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Marvel of Illinois, Inc. v. Marvel Contaminant Control Industries

January 31, 2001

MARVEL OF ILLINOIS, INC., AND MARVEL ENGINEERING TRUST, PLAINTIFFS-APPELLANTS,
v.
MARVEL CONTAMINANT CONTROL INDUSTRIES, INC., FOREST G. NICCUM, DORIS NICCUM, SHARON KIRBY, AND FRANK KIRBY, DEFENDANTS-APPELLEES
(JOHN R. MEYER, APPELLANT).



Appeal from the Circuit Court of Du Page County. No. 99--L--0193 Robert K. Kilander, Judge, Presiding

The opinion of the court was delivered by: Justice O'malley

Plaintiffs, Marvel of Illinois, Inc. (Marvel of Illinois), and Marvel Engineering Trust (Marvel Engineering Trust), appeal the circuit court's order granting defendants' motion to dismiss plaintiffs' complaint against Marvel Contaminant Control Industries, Inc. (MCC); Forest G. Niccum (Niccum); Niccum's wife, Doris Niccum; Sharon Kirby; and Frank Kirby and imposing sanctions against plaintiffs and their attorney, John R. Meyer (Meyer). Meyer appeals the circuit court's order imposing sanctions against him individually. We affirm and grant defendants' request for sanctions against plaintiffs and Meyer individually for bringing a frivolous appeal.

BACKGROUND

In 1989, Niccum, MCC, and Marvel Engineering Company (Marvel Engineering Company) filed suit in the United States District Court for the Northern District of Illinois against Meyer, individually and as trustee of MEC Trust No. 1 (MEC Trust); Marvel Industries, Inc. (Marvel Industries); MEC Enterprises (MEC); and certain other companies not relevant to this appeal. Niccum claimed that Meyer exercised undue influence in obtaining money and property from the plaintiffs while providing them legal services. Jurisdiction was alleged under the Racketeer Influenced and Corrupt Organization Act (18 U.S.C. §1961 et seq. (1988)). The one claim of undue influence relevant to this appeal involved the claimed purchase of Marvel Engineering Company's stock from Niccum by Meyer's company, MEC, pursuant to a stock purchase agreement dated December 30, 1985.

The chain of events leading to the agreement commenced in 1980 when Marvel Engineering Company, one of Niccum's companies, gave Niccum a $20 million note. In 1982, Niccum's attorney, Meyer, informed him that the Internal Revenue Service might consider the note a taxable dividend. To prevent this, Niccum assigned the note to another one of his companies, MCC. To further distance Niccum from Marvel Engineering Company, Meyer recommended that Niccum sell the company to MEC, the entire stock of which was held by Meyer in his family trust. Niccum initially declined, but three years later, in 1985, he agreed.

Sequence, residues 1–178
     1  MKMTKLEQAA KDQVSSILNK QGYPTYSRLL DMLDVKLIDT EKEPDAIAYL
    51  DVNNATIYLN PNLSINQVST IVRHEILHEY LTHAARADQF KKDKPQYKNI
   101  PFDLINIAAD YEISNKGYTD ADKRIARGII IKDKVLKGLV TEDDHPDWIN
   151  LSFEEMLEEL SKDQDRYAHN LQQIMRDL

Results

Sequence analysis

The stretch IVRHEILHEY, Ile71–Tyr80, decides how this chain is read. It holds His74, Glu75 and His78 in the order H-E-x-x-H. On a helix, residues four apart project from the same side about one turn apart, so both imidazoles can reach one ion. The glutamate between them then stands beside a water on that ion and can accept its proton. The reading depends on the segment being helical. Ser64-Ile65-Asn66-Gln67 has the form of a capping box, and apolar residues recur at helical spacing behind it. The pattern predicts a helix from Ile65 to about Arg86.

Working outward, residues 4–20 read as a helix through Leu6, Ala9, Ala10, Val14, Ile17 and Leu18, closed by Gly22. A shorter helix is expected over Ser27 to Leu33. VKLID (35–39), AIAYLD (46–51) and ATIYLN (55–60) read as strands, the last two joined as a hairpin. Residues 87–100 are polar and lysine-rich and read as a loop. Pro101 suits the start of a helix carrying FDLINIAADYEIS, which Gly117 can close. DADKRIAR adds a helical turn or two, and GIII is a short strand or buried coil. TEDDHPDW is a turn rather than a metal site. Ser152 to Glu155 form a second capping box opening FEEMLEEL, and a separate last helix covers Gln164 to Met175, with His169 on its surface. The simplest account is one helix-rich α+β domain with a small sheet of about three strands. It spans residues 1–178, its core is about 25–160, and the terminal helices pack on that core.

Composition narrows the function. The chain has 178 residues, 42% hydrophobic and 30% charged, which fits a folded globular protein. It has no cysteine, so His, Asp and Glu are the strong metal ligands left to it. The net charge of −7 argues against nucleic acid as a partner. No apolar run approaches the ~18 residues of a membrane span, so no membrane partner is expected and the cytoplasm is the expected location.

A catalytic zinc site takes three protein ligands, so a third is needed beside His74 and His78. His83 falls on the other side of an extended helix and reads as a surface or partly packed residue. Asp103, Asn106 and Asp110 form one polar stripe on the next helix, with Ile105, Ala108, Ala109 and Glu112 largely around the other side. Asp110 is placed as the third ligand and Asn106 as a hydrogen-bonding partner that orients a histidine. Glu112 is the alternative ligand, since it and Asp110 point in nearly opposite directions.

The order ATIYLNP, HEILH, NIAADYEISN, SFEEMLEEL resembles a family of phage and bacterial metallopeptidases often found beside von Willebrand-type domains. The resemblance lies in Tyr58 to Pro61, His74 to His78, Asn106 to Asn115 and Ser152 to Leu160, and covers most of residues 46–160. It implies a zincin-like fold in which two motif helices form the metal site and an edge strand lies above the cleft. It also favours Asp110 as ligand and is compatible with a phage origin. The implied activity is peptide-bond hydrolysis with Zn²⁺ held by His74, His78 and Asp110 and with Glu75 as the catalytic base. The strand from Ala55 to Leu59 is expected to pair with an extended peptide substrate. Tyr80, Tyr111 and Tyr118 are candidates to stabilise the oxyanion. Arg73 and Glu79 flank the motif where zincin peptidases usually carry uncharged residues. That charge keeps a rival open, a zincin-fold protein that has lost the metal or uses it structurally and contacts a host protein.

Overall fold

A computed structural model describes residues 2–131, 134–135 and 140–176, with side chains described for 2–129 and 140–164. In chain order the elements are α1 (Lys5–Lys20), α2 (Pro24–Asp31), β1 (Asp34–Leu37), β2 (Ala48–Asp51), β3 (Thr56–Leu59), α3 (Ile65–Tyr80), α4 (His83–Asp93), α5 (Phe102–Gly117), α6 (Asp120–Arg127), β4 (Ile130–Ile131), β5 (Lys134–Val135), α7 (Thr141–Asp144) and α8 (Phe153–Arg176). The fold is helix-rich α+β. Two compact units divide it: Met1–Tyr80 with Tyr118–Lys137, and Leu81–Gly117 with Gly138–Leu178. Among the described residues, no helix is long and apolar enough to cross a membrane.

The stock purchase agreement between Niccum and MEC called for MEC to buy the stock of Marvel Engineering Company for $5,000 down with a $995,000 note to cover the balance. Although ownership of the stock would pass to MEC, the agreement required Niccum to manage the operations of Marvel Engineering Company, apparently because Meyer had no knowledge of business management. MEC was to pay the note in installments of $25,000 per quarter for 10 years. Another condition of the sale was Marvel Engineering Company's satisfaction of a note to MCC for about $10 million. The parties signed a pledge agreement to ensure satisfaction of the notes. Under the pledge agreement, Niccum was to give certificates representing Marvel Engineering Company's stock to an escrow holder on the day of sale. Until MEC made all the payments, the escrow holder would keep the certificates and Niccum would retain the right to vote the shares. If MEC defaulted, the escrow holder would return the certificates to Niccum, who, as a secured party, could then sell them.

The sale, however, never was completed. Niccum never gave the stock certificates to the escrow holder but retained them in a vault he controlled. MEC made the $5,000 down payment but made no payments under the $995,000 note. On March 23, 1988, Niccum sent MEC a letter stating that the stock purchase agreement was "null and void and of no force or effect" due to MEC's failure to make payments. Meyer ignored the letter, and Niccum sued in federal court to have the agreement declared void.

Meyer filed several counterclaims on behalf of himself and certain companies. Count II, brought by MEC against Niccum, alleged that Niccum breached the stock pledge agreement by treating Marvel Engineering Company's assets as his personal assets and by failing to place the stock certificates in escrow.

[Nonpublishable material removed under Supreme Court Rule 23.]

In count III, MEC alleged that Niccum "breached the Stock Purchase agreement by failing to deliver the stock certificates of Marvel Engineering Company and accompanying assignments thereof to MEC, Inc." In count V, Meyer, Marvel Industries, and MEC alleged that Niccum and his wife "wrongfully and unlawfully converted to their own personal use and for the benefit of corporate Counter-Defendants, sums of money from Marvel Engineering Company in excess of those due Forest G. Niccum under the written Pledge Agreement."